Disabled Homeowner Defies Eviction

Wilson’s neck was broken twice, at a McClymonds midnight basketball game and in a robbery; his  Backyard Scholarship Program sent  over 50 youth to  college

By Tanya Dennis

Post writer/activist Tanya Dennis assists Bay Area foreclosure victims like Leonard Wilson. Photo by Adam L. Turner.

This Oakland Post writer and disabled homeowner Leonard Wilson are reaching out to let Bay Area communities know that a growing number of people are fighting to keep their homes in the face of foreclosures. Banking institutions find it easy to ignore one voice but difficult to ignore a message when it is repeated by many.  
We are asking the public to call Attorney General Kamala Harris to request she intervene in Mr. Wilson’s behalf.
Mr. Wilson, disabled as a result of a spinal cord injury, is beloved by many in the Oakland community for his Backyard Scholarship program that has helped over 50 young people attend college.  Last Tuesday, he gained national attention when we blocked the Alameda Sheriff’s attempt to evict him from his home of 26 years.  
Wilson in 1994 was a successful singer who had his own band and had just signed a contract with Sony. One night, while he was working as a leader of midnight basketball for youth at McClymonds High School, a shot was fired. In the resulting pandemonium, a girl fell on Wilson, breaking his neck and leaving him paralyzed form the chest down and ending his singing career.
In 2001, his neck was broken again when he was robbed outside his home. It took three major brain surgeries for him to recover.
Mr. Wilson is still in his home, at least temporarily, with the aid of this writer who is a “Home Defender,” along with Occupy Oakland Stephanie Demos, who is assisting with various strategies to stall for time until a hearing today in Superior Court.  
“I’m not feeling sorry for myself, I’m mad and I’m not going anywhere,” Mr. Wilson said.  “ If they’re going to put me out, then they’re going to have to lift me and my wheelchair up out of this home and place me on the sidewalk.”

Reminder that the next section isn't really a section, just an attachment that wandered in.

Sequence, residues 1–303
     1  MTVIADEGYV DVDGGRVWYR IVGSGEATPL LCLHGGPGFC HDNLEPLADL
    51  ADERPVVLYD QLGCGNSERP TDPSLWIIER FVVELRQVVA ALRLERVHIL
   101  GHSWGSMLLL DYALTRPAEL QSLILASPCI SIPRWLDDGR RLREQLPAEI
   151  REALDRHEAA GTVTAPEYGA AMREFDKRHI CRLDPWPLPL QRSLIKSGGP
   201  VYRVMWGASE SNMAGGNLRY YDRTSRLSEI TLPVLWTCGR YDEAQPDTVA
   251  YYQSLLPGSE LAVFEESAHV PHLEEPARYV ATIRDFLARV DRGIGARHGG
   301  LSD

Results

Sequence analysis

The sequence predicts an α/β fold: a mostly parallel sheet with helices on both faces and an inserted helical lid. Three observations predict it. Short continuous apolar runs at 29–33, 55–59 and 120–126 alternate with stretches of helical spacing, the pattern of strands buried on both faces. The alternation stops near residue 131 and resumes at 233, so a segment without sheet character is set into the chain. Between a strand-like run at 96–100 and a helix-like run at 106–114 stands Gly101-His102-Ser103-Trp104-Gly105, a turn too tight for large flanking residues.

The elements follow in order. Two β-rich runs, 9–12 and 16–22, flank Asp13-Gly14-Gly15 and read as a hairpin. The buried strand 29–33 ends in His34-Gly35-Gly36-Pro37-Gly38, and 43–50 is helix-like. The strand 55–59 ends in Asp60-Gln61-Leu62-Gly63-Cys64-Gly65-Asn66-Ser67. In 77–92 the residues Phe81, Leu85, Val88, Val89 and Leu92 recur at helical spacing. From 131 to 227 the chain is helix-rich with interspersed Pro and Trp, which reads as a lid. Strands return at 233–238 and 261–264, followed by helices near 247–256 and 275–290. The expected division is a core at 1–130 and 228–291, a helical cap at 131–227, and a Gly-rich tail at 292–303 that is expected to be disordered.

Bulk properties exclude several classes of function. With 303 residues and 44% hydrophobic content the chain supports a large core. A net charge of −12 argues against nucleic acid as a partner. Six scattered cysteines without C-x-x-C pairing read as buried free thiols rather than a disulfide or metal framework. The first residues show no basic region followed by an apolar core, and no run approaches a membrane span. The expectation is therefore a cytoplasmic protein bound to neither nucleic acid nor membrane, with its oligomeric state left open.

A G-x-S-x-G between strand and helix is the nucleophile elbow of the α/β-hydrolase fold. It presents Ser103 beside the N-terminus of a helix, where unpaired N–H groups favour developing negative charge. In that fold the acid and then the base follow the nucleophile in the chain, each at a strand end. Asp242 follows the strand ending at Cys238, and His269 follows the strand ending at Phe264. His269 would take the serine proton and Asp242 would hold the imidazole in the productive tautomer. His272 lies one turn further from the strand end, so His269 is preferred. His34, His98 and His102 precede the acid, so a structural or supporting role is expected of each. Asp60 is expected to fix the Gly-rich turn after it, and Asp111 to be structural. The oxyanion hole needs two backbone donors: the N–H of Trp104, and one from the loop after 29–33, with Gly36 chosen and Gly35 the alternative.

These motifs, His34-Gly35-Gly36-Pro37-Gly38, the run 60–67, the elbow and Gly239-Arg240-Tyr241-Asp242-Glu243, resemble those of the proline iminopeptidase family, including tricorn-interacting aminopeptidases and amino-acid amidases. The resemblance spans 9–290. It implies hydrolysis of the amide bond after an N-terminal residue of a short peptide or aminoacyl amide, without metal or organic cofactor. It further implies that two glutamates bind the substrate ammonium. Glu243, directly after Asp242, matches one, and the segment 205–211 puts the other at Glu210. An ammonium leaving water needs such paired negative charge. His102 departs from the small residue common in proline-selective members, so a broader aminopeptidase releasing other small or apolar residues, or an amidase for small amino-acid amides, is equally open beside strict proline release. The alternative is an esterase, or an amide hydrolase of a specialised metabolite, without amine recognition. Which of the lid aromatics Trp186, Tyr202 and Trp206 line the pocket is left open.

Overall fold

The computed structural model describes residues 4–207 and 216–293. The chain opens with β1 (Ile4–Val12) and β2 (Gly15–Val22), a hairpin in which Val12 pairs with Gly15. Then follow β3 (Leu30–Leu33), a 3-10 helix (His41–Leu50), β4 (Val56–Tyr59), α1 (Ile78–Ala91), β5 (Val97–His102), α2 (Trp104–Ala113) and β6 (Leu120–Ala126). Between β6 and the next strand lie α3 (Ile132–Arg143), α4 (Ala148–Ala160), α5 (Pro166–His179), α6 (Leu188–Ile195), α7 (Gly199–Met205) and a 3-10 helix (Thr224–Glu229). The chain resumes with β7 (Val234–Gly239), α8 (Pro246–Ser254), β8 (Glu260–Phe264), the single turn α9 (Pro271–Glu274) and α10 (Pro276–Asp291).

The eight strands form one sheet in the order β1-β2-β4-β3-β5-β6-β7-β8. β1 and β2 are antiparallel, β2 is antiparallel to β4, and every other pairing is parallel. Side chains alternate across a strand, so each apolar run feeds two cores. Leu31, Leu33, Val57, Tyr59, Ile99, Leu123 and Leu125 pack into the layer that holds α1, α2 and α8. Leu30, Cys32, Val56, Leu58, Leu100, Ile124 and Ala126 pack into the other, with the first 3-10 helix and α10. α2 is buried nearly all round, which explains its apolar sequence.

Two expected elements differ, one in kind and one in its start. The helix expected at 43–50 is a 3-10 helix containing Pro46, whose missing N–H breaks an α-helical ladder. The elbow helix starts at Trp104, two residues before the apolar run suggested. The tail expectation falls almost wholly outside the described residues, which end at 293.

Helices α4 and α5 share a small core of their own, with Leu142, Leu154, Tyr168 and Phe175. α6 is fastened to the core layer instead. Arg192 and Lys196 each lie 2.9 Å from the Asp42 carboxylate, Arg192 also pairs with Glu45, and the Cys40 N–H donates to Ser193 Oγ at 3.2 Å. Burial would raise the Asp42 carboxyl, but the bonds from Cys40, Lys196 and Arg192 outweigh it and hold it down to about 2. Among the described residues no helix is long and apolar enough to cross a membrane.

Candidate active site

Wilson said he now has no place to go. “At the beginning of last year I had a 790 credit score, now these people have messed me up so bad I can’t even qualify for an apartment.”
We are hoping the judge will halt the eviction until Mr. Wilson’s complaint against American Home Mortgage and HMC Opportunity Fund can be heard.  Next week, a forensic loan audit will be completed that we are expecting will verify that Wilson’s bank and HMC Opportunity Fund committed illegal acts.  
So far, Mr. Wilson hasn’t received much help from the courts. Judge Judith Ford lifted his temporary restraining order last September, ruling in favor of the banks to “protect the lender’s interest” when Mr. Wilson could not post an $80,000 bond.  
Mr. Wilson has written to Attorney General Kamala Harris, who on Dec. 6 promised to investigate and prosecute any criminal activity she discovers in regards to illegal banking practices.  
Mr. Wilson is requesting people contact Harris at 916-324-5435, her Senior Counsel Michael A. Troncoso   Michael.troncoso@doj.ca.gov and Benjamin Diehl, Deputy Attorney General, at 213-897-5548 or 213-897-2000, Benjamin.diehl@doj.ca.gov, and his assistant, Edwina Roan-Tuyay at edwina.roantuyay@doj.ca.gov. Ask them to initiate an immediate investigation regarding identity theft, fraud and misrepresentation that have placed Mr. Wilson on the brink of homelessness.  
Send letters to the State of California, Department of Justice, Office of the Attorney General, 1300 I Street, 17th Floor, Sacramento 95814.
There will be a fundraiser for Mr. Wilson’s defense, with live jazz, raffle and dinner on Sunday, January 15 at Smiling Jack Station in San Leandro. For information call Arnita Calloway at 510-451-5245.

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